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Bicycle Infrastructure

Biggest TRB Meeting Ever Highlights Visionary Bicycle Research

If you attended last week’s annual meeting of the Transportation Research Board, you were one of 10,900 people presenting 2,200 papers and 2,500 slide presentations on everything from the conspicuity of pavement markings to complete streets for blind pedestrians.

Some of the bicycle research presented at TRB, like Jennifer Dill's work on route selection, could be of great use to advocates. Photo: ##http://www.portlandtribune.com/sustainable/story.php?story_id=122402296838932000##L.E. Baskow / Pamplin Media Group##
Some of the bicycle research presented at TRB, like Jennifer Dill's work on route selection, could be of great use to advocates. Photo: ##http://www.portlandtribune.com/sustainable/story.php?story_id=122402296838932000##L.E. Baskow / Pamplin Media Group##

TRB changed in 1976 from a highway research board to a multimodal focus, and now “TRB can be just about anything to anyone depending on where you are in the industry,” attendee Erik Weber told Streetsblog. He works on mobility for seniors at the Federal Transit Administration. And there’s a TRB subcommittee that focuses on senior transportation issues. “Whether you’re an academic, or a professional, or a policymaker, there are sessions for any of that.”

For some policy types, though, the strict focus on research can be alienating. “It’s a research crowd, and they're wary of people that want to talk policy,” says Andy Clarke, Executive Director of the League of American Bicyclists. Still, he says, it’s encouraging to see how bicycle research has taken off. “When I first went to TRB in 1988, there were about seven people out of a crowd of 7,000 that were interested in bicycle issues. Now there are two pages of bike-specific sessions on the agenda.”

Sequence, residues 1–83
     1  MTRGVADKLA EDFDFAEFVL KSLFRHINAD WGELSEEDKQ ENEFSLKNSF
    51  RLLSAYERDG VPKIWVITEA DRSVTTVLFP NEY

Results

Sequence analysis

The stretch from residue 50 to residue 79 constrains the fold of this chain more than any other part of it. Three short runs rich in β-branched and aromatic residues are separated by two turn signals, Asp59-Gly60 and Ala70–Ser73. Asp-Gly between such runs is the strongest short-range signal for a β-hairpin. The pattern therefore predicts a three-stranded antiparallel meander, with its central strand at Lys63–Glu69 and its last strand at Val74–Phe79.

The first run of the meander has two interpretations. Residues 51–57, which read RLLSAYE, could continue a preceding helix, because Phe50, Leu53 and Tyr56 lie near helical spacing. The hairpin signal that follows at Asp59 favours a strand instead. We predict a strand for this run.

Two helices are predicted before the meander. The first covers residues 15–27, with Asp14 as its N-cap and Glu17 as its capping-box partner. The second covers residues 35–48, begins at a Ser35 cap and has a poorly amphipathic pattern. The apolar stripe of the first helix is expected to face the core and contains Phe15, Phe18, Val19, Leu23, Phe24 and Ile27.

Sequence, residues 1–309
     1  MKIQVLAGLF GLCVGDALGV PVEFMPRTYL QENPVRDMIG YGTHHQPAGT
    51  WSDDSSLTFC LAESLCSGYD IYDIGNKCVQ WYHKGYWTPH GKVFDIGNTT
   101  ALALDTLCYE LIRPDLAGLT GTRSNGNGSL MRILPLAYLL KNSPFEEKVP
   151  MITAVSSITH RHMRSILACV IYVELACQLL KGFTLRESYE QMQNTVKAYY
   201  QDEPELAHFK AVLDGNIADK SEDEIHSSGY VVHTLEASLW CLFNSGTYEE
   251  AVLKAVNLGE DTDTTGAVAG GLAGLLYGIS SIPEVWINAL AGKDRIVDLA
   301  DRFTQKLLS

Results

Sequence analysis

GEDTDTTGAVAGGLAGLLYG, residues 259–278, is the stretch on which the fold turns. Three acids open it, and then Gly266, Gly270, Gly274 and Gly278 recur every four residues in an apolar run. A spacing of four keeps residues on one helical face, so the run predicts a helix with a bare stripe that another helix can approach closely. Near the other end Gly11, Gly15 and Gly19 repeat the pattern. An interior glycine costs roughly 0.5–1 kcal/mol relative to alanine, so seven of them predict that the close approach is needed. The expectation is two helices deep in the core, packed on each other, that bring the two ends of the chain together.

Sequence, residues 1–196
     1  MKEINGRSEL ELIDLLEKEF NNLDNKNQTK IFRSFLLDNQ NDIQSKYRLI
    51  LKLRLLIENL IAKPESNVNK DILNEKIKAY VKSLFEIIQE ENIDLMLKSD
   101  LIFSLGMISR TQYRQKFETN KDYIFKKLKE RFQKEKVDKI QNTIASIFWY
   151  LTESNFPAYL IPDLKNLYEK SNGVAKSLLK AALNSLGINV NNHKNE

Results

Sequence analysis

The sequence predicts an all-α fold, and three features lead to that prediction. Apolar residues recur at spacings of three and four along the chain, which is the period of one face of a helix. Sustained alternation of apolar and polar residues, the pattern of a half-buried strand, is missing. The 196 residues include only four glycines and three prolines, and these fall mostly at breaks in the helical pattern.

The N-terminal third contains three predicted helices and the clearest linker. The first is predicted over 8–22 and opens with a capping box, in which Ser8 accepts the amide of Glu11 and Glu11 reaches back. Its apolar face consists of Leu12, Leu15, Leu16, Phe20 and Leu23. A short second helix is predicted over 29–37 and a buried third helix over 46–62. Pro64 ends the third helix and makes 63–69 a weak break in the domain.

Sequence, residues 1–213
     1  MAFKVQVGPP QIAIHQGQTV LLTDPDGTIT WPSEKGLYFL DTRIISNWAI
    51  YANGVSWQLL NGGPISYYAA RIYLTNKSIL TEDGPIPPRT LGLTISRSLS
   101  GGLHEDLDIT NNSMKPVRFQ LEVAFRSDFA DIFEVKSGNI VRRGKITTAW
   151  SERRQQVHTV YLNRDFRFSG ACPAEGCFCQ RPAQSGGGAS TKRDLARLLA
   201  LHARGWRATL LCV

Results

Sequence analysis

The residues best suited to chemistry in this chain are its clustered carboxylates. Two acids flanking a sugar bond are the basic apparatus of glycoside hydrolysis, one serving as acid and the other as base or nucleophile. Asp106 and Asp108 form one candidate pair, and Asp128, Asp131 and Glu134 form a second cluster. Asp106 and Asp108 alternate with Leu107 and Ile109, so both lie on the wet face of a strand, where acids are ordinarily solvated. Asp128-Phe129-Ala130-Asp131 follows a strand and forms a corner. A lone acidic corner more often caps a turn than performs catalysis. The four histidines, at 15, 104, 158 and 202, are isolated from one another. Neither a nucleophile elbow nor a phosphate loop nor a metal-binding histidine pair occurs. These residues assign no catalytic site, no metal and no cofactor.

And some of the research coming out could result in better bicycling facilities.

Take, for example, Jennifer Dill’s research at Portland State on how cyclists choose routes. By monitoring a cyclist's entire trip, Dill can tell what the shortest route would have been, and how much the cyclist was willing to go out of his way to ride on a bike boulevard or cycletrack or to avoid a steep hill. It helps engineers understand how strongly cyclists prefer to use bike facilities and where those facilities should go. Ralph Buehler’s work on the correlation between miles of bike facilities and higher mode share for bikes has a similar impact.

Still, as a research institution that keeps some distance from the world of transportation activism, TRB isn’t always focused on the research that would be the most useful to advocates.

Darren Flusche of the Bike League says what's really needed is the most basic data of all: how many people are cycling and how much.

“We know from rough counts that bicycling is going up and fatalities are going down,” Flusche said. “But to really understand the safety and risk of cycling we need to know how many cyclists are riding and for how long or how far. And it’s not just safety – to understand bicycling’s contribution to health or the environment or the economy, we need to know how many people are riding and how much.”

The National Household Travel Survey is the main source of trip numbers but it comes out sporadically. And the American Community Survey records only one mode per respondent. The survey asks how you got to work most days last week. So if a respondent bikes to work two days a week and drives three, she’s only recorded as a driver.

TRB’s 200+ committees make recommendations on what research needs to be done, who should sponsor it, and how much funding it should get, but TRB doesn’t have the authority to parcel out research grants.

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